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As a tiny puppy, your doxie pup was silent. The only noise he made was the rustling of paper when chewing the mail. You'll never forget the first time he barked, it was so sweet. There was a knock at the door. His head tipped on one side and out of nowhere came this hesitant "Woof". It was so sweet, you clapped your hands and laughed. Rather pleased with the attention, he attempted another "Woof", this one louder and more confident than the first. And so he learned to bark.
How you wish you could have those early days back again, so this time you could react differently. With hindsight, you realize that paying him attention actually encouraged him to bark. And now you have a full-on barking Dachshund whose voice can be heard halfway down the street.
A good place to start is at the beginning. When teaching a dog not to bark, it's best to start with a puppy. Not only are young puppies geared to learning, but it's also a time when an owner can benefit from being on their top game. This is because many owners accidentally teach their dog to bark, by how they react when the little one woofs. What has to be remembered is that what's cute in a tiny puppy, can become aggravating as a full barking adult dog.
Dachshunds in particular as a vocal breed who love the sound of their own voice. Because of this, it's easy for an owner to shout at the dog to be quiet, which to the Dachshund sounds like they're trying to join in.
Teaching a Dachshund puppy not to bark is a combination of how you react when they bark, mixed with teaching the 'quiet' command for those times when you really do want silence.
To train your Dachshund pup not to bark requires regular work and practice. It's also important that all family members know how to react when puppy barks, so that he gets a consistent message and doesn't become confused.
You will need:
- Training treats
- A treat bag so rewards are always to hand
- A squeaky toy to distract the puppy
The Reacting to Barks Method
Understand the idea
What dogs love most (apart from snacks) is love and attention. In a dog's mind, any attention is valuable, even if this means Mom is cross. Therefore how you react to an unwanted behavior such as barking, is important. By shouting at a dog to be quiet, you can accidentally reward him with attention and make the problem worse. Hence, it's crucial to know how to react when puppy barks.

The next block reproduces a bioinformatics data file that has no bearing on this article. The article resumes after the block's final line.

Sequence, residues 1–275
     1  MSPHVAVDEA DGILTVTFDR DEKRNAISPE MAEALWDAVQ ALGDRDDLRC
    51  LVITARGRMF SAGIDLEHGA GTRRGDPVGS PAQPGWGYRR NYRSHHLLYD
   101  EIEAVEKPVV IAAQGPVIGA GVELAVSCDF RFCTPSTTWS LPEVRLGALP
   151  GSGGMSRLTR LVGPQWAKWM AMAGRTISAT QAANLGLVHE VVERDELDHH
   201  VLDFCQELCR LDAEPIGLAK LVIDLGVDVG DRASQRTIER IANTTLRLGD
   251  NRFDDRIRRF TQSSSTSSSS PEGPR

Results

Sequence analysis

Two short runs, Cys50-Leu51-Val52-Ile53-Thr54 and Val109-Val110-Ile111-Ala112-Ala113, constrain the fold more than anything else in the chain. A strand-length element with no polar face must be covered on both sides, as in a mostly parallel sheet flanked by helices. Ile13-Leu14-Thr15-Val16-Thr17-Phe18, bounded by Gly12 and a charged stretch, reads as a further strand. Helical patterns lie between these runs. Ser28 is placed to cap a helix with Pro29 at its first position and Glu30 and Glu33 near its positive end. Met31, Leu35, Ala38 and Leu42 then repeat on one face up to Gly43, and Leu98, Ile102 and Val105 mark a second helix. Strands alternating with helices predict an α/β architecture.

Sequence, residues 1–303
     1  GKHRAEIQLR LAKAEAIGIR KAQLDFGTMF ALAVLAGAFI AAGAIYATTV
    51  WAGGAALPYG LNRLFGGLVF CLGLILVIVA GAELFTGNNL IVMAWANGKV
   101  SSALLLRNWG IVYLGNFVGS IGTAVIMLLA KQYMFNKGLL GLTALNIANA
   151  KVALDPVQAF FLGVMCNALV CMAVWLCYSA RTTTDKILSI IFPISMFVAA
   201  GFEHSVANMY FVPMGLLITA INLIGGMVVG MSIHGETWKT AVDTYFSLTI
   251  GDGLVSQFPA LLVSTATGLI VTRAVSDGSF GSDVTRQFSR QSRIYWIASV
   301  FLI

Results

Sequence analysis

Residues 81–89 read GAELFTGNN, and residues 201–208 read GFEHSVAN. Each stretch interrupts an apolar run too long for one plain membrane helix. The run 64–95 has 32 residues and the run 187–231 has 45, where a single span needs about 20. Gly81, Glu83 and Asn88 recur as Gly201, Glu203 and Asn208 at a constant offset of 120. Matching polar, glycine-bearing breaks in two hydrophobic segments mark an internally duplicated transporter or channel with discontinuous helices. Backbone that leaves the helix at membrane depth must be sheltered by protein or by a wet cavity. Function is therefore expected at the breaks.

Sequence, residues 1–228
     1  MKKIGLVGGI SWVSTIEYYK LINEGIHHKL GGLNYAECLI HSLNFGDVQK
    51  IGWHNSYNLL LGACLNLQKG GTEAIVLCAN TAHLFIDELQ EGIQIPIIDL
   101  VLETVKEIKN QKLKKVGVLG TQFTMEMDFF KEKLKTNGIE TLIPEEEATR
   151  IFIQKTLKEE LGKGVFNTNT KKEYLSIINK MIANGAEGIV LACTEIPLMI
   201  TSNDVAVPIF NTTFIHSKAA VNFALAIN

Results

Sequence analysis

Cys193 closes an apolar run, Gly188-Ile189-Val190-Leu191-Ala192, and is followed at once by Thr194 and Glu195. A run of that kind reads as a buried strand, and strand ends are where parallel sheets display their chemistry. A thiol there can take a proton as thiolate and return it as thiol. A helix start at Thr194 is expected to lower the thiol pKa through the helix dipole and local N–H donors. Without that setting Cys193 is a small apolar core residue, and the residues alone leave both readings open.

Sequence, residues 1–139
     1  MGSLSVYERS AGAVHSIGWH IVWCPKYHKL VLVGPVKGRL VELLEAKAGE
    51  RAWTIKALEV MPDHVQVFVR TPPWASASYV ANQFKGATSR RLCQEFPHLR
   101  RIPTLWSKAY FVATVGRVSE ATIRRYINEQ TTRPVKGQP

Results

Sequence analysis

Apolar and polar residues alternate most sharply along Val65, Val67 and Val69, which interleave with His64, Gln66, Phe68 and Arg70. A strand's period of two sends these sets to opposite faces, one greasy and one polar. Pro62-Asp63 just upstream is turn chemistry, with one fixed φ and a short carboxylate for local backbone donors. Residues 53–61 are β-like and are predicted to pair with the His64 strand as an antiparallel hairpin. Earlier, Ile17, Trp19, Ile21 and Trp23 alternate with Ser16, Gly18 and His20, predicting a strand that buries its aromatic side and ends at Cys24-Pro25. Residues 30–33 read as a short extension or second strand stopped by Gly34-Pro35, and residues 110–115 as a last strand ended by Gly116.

The first woof
When puppy does that first adorable woof that makes your heart swell with pride....try not to react. Don't make a fuss or coo over the pup, as this teaches him cause and effect. In other words: I bark and Mom makes a big fuss. Guess what! This makes him want to bark more.
OK, so you ignore the dog woofing at the doorbell and he carries on barking. What to do now? One option is to say in a conversational voice "Thank you, Sausage, I have this now." This is because, contrary to what we just said, some dogs need to have a bark alerting you to visitors acknowledged. If he is telling you "Mom, there's someone at the door.", then if you ignore him, he may think you didn't hear and bark some more. Simply by letting him know in a low key way that you did hear after all, is all he wants.
OK, so you've tried ignoring him and then acknowledging the bark, but still he does it. What next? Distract him! Get a squeaky toy and play with it while ignoring the pup. Play like it's the best toy you've ever seen. Pretty soon the pup will think he's missing out and come to join in. At which point, give him lots of praise and reward him with a game with the toy.